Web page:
Training the Cloud Architect: Five Things to Learn

Digital transformation is impacting all business verticals, and your cloud architects must start thinking differently when it comes to supporting next-generation business initiatives.

Bill Kleyman

March 6, 2018

6 Min Read
Cables in a data center
Photo by Michael Bocchieri/Getty Images

The way we approach and think about IT has fundamentally changed. In my experience, some of the most successful IT professionals now influence the business model and strategy. Digital transformation is impacting all business verticals, and your cloud architects must start thinking differently when it comes to supporting next-generation business initiatives.

As Gartner recently predicted, all IT roles will require an intermediate level of proficiency in business acumen by 2020. “Developing strong business acumen in IT is a prerequisite to effectively shift IT focus from optimizing IT operational efficiency to driving business effectiveness, value creation and growth,” Lily Mok, a research VP at the firm, said in a statement. “At the heart of an effective IT communication strategy is the ability to clearly link the vision, strategy, and action plans of IT to the business to drive desired behaviors in the workforce that contribute to improved IT performance and business outcomes.”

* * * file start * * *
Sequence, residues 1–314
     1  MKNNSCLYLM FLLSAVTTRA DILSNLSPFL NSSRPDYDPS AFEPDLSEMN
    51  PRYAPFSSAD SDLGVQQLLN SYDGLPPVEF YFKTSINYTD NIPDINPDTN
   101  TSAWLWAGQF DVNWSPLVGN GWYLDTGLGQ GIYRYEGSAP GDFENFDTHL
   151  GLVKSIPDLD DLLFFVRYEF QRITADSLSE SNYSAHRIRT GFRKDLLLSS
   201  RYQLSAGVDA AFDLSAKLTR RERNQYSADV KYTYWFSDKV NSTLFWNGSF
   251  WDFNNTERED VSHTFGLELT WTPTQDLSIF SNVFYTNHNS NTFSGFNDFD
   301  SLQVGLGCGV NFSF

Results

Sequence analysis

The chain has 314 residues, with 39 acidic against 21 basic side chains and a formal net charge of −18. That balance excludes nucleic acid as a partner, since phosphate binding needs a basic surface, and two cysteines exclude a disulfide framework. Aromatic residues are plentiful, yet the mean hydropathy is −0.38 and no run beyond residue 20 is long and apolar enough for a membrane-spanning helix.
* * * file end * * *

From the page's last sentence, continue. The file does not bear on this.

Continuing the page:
Communication aside, new management styles are required to gain as much value out of the employee as you can. To get to that point, you need to train your people to truly think and act like cloud architects.